Just as we were celebrating International Women’s Day and women’s achievements and advancements around the world, two things came across my desk that brought to mind the quote “we’ve seen the enemy and they are us.”
The first was a survey that 1,000 professional women took at Citi’s Connect: Professional Women’s Network on LinkedIn asking if they prefer to work for a male or female boss. The result? They preferred a male boss, 4 to 1.
And then there was a very thought-provoking essay by Peggy Drexler in the Wall Street Journal called “The Tyranny of the Queen Bee,” which presents a very compelling case that women in power are not helping other women. She cites a 2007 survey that found 45% of workers have been bullied in the office, and 40% of the bullies were women. And another study reported that female bullies direct their hostilities towards other women 80% of the time. But wait there’s more. A 2011 survey by the American Management Association found that 95% of women believe they were undermined by another woman at some point in their careers. Not a pretty picture here, which got me to thinking about my own career and how I measure up too.
The term “Queen Bee” was coined in the 1970s and early on in my career I encountered one. I was working for a technology company that was dominated by men with the exception of one woman who was one of the firm’s top sales people and a district manager. Her name was Alexandra and she was a beautiful, tall, imposing redhead and I was in awe of her. She took absolutely no notice of me whatsoever, until I was named a “manager” in the marketing group, one of a small handful of younger women who were being promoted in the company.
Well, I finally got her attention, but not in a good way. She went out of her way at any group meeting she and I were in to discredit me in some way. I felt intimidated and terrified. But one day anger took over. I had enough, and I walked into her office, past her secretary, and pounded my fist on her desk, and told her if she had a problem with me she could discuss it to my face and not try to humiliate me in front of a group! She was stunned. No one, not even the guys, had ever dared challenge her. Well, we never became friends, and she never helped me, but that was the end of the bullying.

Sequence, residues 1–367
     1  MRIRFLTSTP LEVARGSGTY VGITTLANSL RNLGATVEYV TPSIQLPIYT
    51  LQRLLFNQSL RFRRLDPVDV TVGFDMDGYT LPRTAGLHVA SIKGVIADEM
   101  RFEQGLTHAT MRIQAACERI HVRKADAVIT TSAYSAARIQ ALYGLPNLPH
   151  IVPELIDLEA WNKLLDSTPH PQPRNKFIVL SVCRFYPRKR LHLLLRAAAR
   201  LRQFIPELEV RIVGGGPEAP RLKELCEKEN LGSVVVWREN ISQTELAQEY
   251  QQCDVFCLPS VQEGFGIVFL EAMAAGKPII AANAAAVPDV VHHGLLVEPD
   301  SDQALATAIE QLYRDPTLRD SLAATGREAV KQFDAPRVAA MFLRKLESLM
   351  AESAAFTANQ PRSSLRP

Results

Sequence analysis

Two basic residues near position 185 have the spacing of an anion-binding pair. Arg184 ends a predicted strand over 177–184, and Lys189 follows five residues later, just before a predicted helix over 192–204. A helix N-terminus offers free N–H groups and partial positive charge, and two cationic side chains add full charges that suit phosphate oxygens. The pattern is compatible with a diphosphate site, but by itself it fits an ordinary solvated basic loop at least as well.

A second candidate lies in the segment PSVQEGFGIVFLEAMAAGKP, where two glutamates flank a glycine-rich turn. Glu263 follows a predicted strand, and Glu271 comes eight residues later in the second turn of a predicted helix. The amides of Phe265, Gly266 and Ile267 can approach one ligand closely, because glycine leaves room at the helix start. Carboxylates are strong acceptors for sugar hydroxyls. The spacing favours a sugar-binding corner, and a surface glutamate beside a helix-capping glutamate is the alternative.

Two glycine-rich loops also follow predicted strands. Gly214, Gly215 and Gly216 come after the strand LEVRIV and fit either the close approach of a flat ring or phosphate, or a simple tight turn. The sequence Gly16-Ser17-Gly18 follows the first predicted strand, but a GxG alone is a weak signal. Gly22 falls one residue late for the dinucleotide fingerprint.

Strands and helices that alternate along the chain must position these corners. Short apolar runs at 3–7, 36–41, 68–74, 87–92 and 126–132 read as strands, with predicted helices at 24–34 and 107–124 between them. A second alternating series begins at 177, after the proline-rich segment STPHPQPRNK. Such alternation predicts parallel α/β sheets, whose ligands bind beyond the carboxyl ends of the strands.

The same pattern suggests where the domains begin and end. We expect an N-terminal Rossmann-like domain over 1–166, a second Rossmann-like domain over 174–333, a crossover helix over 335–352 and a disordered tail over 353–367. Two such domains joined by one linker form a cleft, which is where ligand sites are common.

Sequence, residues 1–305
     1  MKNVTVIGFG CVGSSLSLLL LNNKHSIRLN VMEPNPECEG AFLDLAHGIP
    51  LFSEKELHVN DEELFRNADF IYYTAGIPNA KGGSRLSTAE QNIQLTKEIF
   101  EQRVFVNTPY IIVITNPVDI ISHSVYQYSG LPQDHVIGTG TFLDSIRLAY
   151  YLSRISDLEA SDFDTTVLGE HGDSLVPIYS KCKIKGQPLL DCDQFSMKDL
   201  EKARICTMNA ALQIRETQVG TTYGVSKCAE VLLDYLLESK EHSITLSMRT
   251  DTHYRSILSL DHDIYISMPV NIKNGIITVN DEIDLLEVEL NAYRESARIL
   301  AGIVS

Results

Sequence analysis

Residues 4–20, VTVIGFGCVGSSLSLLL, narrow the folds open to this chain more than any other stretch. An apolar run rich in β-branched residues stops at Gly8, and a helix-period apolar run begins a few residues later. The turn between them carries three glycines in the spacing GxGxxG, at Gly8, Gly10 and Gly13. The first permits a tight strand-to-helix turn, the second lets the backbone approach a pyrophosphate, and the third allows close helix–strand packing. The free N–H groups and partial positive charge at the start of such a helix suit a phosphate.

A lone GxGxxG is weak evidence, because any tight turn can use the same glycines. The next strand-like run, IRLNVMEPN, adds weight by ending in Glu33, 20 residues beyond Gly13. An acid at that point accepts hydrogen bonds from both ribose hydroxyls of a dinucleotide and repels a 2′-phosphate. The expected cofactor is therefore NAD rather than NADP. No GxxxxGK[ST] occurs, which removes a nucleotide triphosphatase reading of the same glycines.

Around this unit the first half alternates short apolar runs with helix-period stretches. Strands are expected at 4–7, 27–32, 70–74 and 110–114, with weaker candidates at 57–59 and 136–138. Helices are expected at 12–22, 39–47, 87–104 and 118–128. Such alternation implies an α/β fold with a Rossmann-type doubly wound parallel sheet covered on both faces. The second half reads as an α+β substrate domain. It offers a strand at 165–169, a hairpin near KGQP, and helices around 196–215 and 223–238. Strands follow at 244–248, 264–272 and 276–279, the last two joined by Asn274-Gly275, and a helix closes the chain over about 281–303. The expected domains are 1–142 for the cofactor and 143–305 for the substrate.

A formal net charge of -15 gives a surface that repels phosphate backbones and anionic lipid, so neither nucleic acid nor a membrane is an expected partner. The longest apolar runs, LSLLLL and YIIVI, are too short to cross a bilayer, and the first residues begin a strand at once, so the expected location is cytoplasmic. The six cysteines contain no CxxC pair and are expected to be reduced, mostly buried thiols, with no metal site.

As I proceeded upwards in my career in advertising and marketing, there many other women climbing up the ladder in their respective careers in other firms. But there were very few who had reached the top, so really all my mentors were men. I did notice early on that men knew how to network. They had their circles from college, and former jobs, and they stayed connected to their circles. They didn’t hesitate to reach out for advice, help, and referrals. This was not something that women were doing, or even really thinking about doing to help each other. And even as many of us made our way into positions of power – I’m being honest here – we still weren’t helping each other out.
In recent years though, I have felt that has started to change. Through The Three Tomatoes and my involvement with a few women’s organizations, I have experienced for the first time, the power of women collaborating, sharing, and working towards accomplishing something together. And it’s been a wonderful and powerful thing. So where’s the disconnect? Is working on a common goal together outside of the office, different than working in a competitive environment and feeling threatened that a younger, smarter version of us might just usurp us? I hope not. I’m reminded of Madeleine Albright’s quote, “There’s a special place in hell for women who don’t help other women.”
I’d love to know your thoughts.